Contract signed for the ELT’s second prefocal station as design for the first close to approval
6 November 2020
A major component of ESO’s Extremely Large Telescope (ELT), its first prefocal station or PFS-A, is now close to completing its final design review. With this milestone nearly reached, ESO has signed a contract with Spanish company IDOM for a second prefocal station, PFS-B.
The two ELT prefocal stations, which are designed and manufactured by IDOM, are large structures measuring over 9 metres tall and each standing on supporting platforms, located on opposite sides of the telescope main structure. Working at the interface between the telescope’s five-mirror system and its instruments, they have a triple function: control the telescope mirror alignment (including the precise pointing on-sky of the telescope structure), ensure the segmented main mirror continues to act as one, and distribute light to the telescope instruments.
Sensing starlight to check alignment
The ELT is extremely sensitive to very small changes in environmental conditions, which will shift the mirrors out of alignment, degrading observations. Gravity can pull the mirrors out of shape as the telescope moves. In addition, small changes in temperature cause the telescope’s metal structure to expand slightly by hundreds of micrometres, again shifting the positions of the various ELT mirrors.
The PFS-A and PFS-B analyse the light from ‘guide stars’ — natural, bright stars close to the object of study in the sky. The stations, which do not work simultaneously, will monitor up to three guide stars during observations, assisted by its three sensor arms positioned with accuracies of a few hundred micrometres. Information from the guide stars is used to actively position the mirrors and telescope main structure to control the telescope’s alignment during observations — a process known as active optics. This ensures that light remains properly focused and that the telescope remains pointed accurately at the target throughout observations.
798 segments acting as one mirror
An additional function of the PFS is to ensure that the hundreds of segments of the main mirror (M1) continue to act as one giant mirror. To achieve this, the relative positions of the 798 mirror segments must be accurate to tens of nanometres. However, the positions of the segments drift over time due to changes in temperature and gravity loads so they need to be corrected periodically. The PFS will regularly control the shape of M1 using the guide star measurements to maintain its optimal shape.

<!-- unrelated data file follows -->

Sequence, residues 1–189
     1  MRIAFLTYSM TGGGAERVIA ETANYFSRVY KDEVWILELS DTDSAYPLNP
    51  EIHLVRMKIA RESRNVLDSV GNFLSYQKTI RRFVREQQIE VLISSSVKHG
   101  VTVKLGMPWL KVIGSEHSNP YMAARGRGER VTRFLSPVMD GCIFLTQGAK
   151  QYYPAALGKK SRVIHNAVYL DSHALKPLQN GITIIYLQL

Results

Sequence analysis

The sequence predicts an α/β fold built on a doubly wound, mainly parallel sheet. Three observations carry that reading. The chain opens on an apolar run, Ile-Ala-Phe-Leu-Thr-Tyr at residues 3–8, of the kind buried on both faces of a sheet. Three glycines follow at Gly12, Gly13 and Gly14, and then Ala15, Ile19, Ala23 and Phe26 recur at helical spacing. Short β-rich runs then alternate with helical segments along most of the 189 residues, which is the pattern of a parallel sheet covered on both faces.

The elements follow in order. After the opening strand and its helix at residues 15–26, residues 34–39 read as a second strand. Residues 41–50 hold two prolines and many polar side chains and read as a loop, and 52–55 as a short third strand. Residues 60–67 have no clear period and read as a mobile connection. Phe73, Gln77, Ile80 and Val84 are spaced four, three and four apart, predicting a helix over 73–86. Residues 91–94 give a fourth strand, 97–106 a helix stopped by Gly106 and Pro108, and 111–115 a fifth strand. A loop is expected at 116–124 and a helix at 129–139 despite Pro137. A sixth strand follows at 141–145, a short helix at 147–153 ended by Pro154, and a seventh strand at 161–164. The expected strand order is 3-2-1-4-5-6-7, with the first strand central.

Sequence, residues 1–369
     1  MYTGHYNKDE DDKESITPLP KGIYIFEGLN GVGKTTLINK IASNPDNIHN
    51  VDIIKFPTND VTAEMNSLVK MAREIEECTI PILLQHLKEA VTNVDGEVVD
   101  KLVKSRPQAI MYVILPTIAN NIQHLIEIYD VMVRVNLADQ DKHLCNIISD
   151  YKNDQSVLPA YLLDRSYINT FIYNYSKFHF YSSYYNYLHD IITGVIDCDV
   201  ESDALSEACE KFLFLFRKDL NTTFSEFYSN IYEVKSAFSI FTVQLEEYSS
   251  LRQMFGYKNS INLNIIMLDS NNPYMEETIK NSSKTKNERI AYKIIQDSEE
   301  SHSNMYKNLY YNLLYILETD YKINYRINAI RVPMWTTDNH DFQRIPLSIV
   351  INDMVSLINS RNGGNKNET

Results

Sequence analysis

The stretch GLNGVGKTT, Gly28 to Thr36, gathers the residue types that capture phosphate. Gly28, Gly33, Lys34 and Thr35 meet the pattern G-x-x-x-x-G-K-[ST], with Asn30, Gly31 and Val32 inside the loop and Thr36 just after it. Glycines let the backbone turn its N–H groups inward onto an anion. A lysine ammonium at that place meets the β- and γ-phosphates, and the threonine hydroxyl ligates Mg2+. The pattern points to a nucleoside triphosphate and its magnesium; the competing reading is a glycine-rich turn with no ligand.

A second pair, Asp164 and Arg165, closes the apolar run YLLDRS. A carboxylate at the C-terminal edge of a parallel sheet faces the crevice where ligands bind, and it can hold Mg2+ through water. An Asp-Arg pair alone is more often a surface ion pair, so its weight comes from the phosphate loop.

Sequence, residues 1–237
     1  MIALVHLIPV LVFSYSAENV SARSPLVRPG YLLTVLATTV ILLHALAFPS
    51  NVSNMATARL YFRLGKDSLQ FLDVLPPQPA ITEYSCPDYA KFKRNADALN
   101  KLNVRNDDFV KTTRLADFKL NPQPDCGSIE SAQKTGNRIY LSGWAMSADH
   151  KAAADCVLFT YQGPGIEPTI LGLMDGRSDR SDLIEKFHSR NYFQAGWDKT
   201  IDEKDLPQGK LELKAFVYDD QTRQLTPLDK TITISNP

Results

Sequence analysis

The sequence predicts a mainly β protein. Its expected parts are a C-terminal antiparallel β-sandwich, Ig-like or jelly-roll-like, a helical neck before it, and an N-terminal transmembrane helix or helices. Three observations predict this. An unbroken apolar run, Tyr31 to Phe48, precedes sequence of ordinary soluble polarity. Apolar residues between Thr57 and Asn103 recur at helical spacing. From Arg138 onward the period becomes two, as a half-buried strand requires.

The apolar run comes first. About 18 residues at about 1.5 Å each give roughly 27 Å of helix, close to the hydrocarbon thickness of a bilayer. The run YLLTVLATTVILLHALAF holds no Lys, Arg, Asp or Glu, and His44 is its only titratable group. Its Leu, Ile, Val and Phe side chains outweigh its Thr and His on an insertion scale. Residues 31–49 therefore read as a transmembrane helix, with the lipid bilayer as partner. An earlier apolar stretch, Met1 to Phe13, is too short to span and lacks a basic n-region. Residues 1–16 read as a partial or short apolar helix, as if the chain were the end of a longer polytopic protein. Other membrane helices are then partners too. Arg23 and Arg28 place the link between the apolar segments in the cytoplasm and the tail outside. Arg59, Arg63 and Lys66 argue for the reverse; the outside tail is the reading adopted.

Finally, the PFS is also used to distribute the light collected by the telescope to the various scientific instruments and auxiliary equipment, depending on which system is being used at any given moment. The platforms where the PFS A and B stand will host multiple scientific instruments, specialising in analysing the light collected by the telescope to answer our questions about the Universe. The PFS will direct the light to the select scientific instrument using a large flat mirror. It is also the last component before the light arrives at the telescope focus, giving the station its name.
A successful collaboration
Following two years of work by engineers at IDOM and at ESO on the complex PFS-A, the teams are now very close to successfully completing the design activities and will soon begin manufacturing this crucial telescope component. In addition, ESO, through its Director General Xavier Barcons, and IDOM, through their president Luis Rodríguez, have now signed a contract for the Spanish company to develop and supply the second prefocal station for the ELT.
ESO’s ELT, made possible by high-tech engineering solutions and many talented people, will answer the biggest astronomical questions of our time, from investigating the Universe’s history to finding and studying Earth-like planets outside our Solar System. The telescope will sit atop Cerro Armazones in the Chilean Atacama Desert and will start operations later this decade.
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